British authorities are not alone in facing the implications of crowds empowered by social media and new technology. From West Coast train stations to suburban Maryland gas stations, protesters and “flash mobs” have set off debates in the United States over how far officials can go to control communications.
British Prime Minister David Cameron ignited a storm of criticism after he called for limiting access to social media to prevent riots. In Britain this week, two men were sentenced to four years in prison for attempting to organize disorder on Facebook.
But the debate is not limited to the United Kingdom. Last week, San Francisco’s Bay Area Transit Authority turned off cell-phone service in some train stations to head off expected protests over police-involved shootings.
Civil libertarians blasted that decision, and the Federal Communications Commission launched an investigation. The American Civil Liberties Union called the move “glaringly small-minded” and said that disrupting communications is dangerous to democracy.
Countries around the world heavily control access to communications. Massive protests earlier this year prompted governments in Egypt, Libya, and other nations to shut down or restrict access to the Internet and wireless phone networks. Now, civil libertarians say, some of those issues are coming home to the United States.
BART spokesman Linton Johnson defended the blackout as legal and specifically cited the 1969 Supreme Court case Brandenburg v. Ohio, which ruled that free speech could be restricted if it is "directed to inciting or producing imminent lawless action."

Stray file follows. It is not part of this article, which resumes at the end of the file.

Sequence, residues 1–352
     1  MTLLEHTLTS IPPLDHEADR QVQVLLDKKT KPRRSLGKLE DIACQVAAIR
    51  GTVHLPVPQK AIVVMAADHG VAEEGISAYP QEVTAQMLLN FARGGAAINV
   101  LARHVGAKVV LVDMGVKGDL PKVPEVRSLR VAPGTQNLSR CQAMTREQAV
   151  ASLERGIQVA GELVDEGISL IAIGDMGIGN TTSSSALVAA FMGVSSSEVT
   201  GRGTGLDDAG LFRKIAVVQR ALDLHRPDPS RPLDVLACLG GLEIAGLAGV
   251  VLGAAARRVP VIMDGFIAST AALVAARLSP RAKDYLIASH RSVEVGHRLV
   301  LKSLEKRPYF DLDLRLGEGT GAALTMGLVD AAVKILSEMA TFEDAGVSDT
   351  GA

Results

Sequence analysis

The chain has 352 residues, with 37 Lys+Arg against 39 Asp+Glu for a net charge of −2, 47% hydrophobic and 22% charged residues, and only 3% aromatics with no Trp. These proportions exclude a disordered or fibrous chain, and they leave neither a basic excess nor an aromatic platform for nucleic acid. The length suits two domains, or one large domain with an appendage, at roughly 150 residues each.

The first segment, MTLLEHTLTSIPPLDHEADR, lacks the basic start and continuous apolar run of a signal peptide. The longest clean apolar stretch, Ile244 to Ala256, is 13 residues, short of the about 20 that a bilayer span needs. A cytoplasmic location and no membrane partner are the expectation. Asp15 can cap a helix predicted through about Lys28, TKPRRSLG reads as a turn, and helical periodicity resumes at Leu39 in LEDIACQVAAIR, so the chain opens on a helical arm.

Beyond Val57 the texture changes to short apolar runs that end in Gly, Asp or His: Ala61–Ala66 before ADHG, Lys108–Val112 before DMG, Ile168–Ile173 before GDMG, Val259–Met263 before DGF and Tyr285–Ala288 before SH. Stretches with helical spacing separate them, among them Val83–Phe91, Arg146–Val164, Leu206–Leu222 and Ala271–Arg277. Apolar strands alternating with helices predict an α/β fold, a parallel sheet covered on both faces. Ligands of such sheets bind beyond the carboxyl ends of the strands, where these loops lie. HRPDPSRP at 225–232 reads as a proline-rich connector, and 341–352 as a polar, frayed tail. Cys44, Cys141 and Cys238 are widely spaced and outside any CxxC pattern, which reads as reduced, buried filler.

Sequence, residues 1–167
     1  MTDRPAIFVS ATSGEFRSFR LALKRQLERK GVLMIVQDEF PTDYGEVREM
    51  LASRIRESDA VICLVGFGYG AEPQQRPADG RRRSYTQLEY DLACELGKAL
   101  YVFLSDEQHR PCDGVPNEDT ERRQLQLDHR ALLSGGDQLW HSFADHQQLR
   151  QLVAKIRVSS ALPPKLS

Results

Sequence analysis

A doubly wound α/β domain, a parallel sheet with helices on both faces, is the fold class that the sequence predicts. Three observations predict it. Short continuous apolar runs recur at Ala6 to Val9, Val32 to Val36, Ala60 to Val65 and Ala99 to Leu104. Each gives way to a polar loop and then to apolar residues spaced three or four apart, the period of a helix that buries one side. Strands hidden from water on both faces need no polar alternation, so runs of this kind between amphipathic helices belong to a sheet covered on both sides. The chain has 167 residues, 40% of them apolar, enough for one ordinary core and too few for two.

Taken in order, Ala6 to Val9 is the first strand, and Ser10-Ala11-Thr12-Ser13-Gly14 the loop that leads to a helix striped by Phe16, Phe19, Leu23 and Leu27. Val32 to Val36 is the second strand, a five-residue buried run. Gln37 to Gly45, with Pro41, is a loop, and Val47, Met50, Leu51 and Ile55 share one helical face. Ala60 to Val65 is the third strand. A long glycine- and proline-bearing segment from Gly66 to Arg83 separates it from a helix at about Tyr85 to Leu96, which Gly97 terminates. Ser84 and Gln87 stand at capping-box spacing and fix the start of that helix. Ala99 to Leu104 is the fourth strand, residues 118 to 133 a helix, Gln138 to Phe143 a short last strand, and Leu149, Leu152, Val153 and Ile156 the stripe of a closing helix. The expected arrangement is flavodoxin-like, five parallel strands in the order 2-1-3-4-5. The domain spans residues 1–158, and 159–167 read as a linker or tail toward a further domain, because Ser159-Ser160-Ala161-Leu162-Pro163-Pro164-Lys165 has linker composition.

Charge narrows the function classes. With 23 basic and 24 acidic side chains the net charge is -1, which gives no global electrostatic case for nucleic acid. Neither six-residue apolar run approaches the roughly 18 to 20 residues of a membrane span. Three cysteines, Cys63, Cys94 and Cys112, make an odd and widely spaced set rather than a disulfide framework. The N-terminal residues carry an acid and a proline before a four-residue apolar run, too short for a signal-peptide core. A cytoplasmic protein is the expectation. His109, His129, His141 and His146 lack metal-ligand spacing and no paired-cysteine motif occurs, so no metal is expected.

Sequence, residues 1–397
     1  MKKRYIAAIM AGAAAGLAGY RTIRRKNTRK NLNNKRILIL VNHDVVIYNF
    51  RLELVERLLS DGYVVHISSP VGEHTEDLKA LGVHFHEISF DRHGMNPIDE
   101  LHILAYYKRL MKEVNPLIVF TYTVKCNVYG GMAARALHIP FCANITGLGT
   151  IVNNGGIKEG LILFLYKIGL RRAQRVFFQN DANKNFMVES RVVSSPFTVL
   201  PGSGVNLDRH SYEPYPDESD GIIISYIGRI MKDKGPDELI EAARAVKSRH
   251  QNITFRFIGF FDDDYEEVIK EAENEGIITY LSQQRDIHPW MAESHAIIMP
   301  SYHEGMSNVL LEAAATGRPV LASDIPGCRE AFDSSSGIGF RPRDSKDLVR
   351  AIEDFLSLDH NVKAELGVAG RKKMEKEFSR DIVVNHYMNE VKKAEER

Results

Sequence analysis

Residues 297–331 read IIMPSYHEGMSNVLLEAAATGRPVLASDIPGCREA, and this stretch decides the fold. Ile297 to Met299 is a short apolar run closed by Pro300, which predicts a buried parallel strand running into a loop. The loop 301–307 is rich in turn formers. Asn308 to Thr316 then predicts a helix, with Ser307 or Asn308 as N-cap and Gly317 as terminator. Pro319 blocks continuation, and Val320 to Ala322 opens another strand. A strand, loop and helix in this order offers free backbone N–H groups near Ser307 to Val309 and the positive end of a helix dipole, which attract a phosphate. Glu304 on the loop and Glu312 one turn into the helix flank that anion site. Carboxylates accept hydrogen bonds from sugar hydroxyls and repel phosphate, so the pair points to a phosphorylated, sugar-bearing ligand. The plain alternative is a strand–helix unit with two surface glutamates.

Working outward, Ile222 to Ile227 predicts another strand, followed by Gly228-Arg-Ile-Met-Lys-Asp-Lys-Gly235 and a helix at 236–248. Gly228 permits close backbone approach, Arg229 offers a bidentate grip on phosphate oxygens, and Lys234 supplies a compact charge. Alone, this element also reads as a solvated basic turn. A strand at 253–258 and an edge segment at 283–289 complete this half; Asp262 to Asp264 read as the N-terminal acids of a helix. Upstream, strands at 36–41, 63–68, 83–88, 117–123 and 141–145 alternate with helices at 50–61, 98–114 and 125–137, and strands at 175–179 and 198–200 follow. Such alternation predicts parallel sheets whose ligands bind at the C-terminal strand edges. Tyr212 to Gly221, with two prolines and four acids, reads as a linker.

The advocacy group Electronic Frontier Foundation countered that cutting off access to phone service in response to a planned protest is a “shameful attack on free speech.”
“The advent of reliable service inside of stations is relatively recent,” the group noted in a blog post. “But once BART made the service available, cutting it off in order to prevent the organization of a protest constitutes a prior restraint on the free-speech rights of every person in the station, whether they’re a protester or a commuter.”
BART did not shut off cell service during protests on Monday night, and EFF spokeswoman Rebecca Jeschke said, “It's interesting to note that in the BART protests this week, cell-phone service was not cut off. I hope that's a reaction to the public outcry after the first instance.”
BART’s controversial reaction to political protests drew comparisons to authoritarian dictatorships. But the fine line between political protests and criminal activity has law-enforcement officials and lawmakers facing new challenges across the country.
Over the weekend, as many as 28 teens converged on a Germantown, Md., 7-Eleven in a matter of seconds, grabbing items off shelves and leaving without paying.
Such “flash mobs” are usually organized online and over cell phones, and despite their innocuous beginnings, police say, flash mobs are becoming increasingly violent or are used to commit crimes.
Philadelphia Mayor Michael Nutter recently imposed a curfew after violent mob attacks over the summer. The Cleveland City Council passed an ordinance that would have made it illegal to use social media to organize violent or disorderly flash mobs. The mayor vetoed the measure, however, citing First Amendment concerns.
Officials may be overreacting to the increasing use of social media, said Cynthia Wong, director of the Center for Democracy and Technology’s Project on Global Internet Freedom.
“There is a danger in governments overstating the role of social media in these events, rather than focusing on the underlying issues,” she said.
Police aren’t against using social media for their own purposes. Maryland officials have already identified several people from the 7-Eleven mob after they posted surveillance footage on YouTube.